My Dad

My father’s life wasn’t easy
He had worked as a small, young boy
Bringing home milk and vegetables
Instead of buying children’s toys.

He was only seven then
He started working for the church
Exchanging his toil and his time
He never shied away from work.

One of many children
He was known to sacrifice
Never complaining or giving up
He was known for being nice.

As a young man he joined the Navy
Worked his way up the ranks to Chief
Nothing that he wanted then
Seemed to be out of his reach.

The war took him far away from home
It was a sad day when he was captured
The Japanese had invaded the island
Sadly his leg was fractured.

They kept him in a prison camp
Fed only rice, seaweed and tea.
No sugar, cream, or fancy cups
Many men died, were left to bleed.

He saw his share of horrors
Worked hard each and every day
Three years he lived in captivity
Hoping he would someday get away.

While unloading box cars on the tracks
A pat of sugar hit the ground
My dad quickly picked it up
But the sweet powder a guard had found.

A reason to be killed or maimed
The guard looked the other way
My dad let go and prayed that he
Would spare his life that day.

When the war had ended
He was sent on a ship heading home
He met my mom thru family
And one day I was born.

My dad, my inspiration
Never bitter, never sad
Not a ill word had he uttered
Though he was often treated bad.

He once returned to Japan
Where he met the prison guard
The man who had spared his life that day
By never uttering a word.

They wrote for many years to come
Until they both were very old
Both have long since passed away
But their stories are still told.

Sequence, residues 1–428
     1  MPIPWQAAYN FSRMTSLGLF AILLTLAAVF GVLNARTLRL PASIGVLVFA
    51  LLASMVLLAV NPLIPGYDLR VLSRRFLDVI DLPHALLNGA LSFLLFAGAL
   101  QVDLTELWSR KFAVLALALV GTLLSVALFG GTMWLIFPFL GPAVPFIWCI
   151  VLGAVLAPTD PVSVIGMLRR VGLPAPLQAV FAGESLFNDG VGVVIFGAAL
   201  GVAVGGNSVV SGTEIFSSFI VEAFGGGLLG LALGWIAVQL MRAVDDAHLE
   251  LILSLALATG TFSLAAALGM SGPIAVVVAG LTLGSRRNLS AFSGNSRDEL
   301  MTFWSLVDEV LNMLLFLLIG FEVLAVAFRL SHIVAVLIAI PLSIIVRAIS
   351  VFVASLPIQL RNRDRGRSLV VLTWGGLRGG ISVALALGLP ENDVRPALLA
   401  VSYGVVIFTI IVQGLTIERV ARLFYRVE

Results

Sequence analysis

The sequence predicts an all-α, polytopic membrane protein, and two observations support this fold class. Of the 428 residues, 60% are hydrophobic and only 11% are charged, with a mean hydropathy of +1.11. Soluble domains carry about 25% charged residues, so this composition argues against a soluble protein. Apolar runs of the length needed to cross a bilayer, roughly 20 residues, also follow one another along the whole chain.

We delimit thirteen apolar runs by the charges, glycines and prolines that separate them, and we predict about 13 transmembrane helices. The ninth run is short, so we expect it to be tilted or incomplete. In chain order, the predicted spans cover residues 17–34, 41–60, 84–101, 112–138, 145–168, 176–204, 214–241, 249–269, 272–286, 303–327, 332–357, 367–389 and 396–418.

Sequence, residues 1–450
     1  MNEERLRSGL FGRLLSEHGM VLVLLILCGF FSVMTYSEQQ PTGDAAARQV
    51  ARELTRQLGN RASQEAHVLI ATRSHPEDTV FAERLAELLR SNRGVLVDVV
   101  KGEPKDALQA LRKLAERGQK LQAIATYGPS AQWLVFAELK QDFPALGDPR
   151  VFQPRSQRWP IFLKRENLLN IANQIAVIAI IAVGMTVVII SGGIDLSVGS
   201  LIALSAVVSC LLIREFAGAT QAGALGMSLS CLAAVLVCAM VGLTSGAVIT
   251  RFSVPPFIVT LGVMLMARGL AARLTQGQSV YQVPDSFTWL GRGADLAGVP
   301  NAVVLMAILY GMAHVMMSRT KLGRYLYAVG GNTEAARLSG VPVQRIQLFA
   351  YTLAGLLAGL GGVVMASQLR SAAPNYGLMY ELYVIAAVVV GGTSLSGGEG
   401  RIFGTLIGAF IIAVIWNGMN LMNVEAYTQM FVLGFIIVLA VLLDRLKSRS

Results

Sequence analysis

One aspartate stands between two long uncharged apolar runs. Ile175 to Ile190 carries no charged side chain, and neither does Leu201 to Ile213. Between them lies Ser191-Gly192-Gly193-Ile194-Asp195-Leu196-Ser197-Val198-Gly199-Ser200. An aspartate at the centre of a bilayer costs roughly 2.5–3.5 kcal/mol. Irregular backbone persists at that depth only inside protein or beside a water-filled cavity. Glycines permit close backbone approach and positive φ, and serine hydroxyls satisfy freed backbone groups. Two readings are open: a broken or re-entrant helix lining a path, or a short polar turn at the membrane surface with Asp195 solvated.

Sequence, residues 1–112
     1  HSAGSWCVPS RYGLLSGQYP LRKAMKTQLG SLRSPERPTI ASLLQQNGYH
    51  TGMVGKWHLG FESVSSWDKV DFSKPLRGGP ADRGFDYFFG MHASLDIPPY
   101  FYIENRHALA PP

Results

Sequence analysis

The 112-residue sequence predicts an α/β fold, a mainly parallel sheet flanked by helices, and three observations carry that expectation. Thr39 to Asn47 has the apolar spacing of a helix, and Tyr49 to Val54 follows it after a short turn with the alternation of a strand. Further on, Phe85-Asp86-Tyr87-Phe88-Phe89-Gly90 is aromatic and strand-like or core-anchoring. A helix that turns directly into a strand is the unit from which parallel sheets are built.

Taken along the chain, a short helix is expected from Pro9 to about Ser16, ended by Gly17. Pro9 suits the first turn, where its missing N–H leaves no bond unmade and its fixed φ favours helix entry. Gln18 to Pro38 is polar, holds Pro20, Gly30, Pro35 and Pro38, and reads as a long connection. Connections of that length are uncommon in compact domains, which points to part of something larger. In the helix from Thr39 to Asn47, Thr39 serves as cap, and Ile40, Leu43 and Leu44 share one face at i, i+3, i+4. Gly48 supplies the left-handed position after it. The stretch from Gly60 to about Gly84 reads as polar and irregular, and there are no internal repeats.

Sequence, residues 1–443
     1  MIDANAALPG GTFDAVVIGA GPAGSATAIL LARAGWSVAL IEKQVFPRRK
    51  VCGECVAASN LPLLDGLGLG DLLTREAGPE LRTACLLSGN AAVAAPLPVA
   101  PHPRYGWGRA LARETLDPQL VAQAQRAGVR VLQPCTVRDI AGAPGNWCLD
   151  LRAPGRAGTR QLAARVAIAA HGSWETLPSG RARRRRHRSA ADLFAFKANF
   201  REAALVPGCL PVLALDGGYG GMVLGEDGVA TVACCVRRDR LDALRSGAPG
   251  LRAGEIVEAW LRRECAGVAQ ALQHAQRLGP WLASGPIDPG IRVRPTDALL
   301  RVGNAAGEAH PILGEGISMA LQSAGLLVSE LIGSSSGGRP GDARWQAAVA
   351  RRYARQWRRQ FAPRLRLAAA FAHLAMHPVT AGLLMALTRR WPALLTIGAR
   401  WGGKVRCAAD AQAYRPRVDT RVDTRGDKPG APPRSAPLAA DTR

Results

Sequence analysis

A bonze star and a purple heart
Among the many of his medals
He really was one of a kind
He was unique, truly quite special.

My father, a man of modest means
Always appreciative and kind
His memory will live on forever
In my heart and in my mind.



Author: Patty Richardson

Writer: Film scripts, poetry, short stories.

21 thoughts on “My Dad”

  1. Such a heartfelt poem about an amazing man.
    It is impossible for us to imagine what life was like for our parents way back then, but for your father to come through all that adversity and still be charming is inspirational.

    Liked by 1 person

  2. Patty.. This is one of the best written works I have ever read in life and ever will. All that biographical emotion comes jumping off the screen right to the heart. Privileged are those that get to read this.. What an amazing man! What a wonderful, amazing, amazing man!

    Liked by 1 person

    1. Thank you so much, Isha! Your words about my poem touched my heart! He was a very special person! Everyone that knew him liked him. He was without prejudice or guile. He would give you anything that he had and would go without, to make you happy. I always said that if he were a rich man, I would have been driving a Mercedes and living in a grand castle! I called him, THE GIVING TREE (based on Shel Silverstein’s book of the same name). When my boys were little, we would sing this song to him in the car….when we were driving somewhere.
      It’s an old country song by Bobby Bare.
      Might sound kind of corny, but….he was just like that tree! πŸ’™

      Liked by 1 person

      1. Patty, his story deserves to be told.. It’s so beautiful. I imagined everything you wrote. My Papa is also one who gives and goes without as you so beautifully put it. Thank you so much for sharing something this heartwarming. It’s my honour. With such a wonderful writer for a daughter, I’m sure your father’s memory will live on! Have a great day!

        Liked by 1 person

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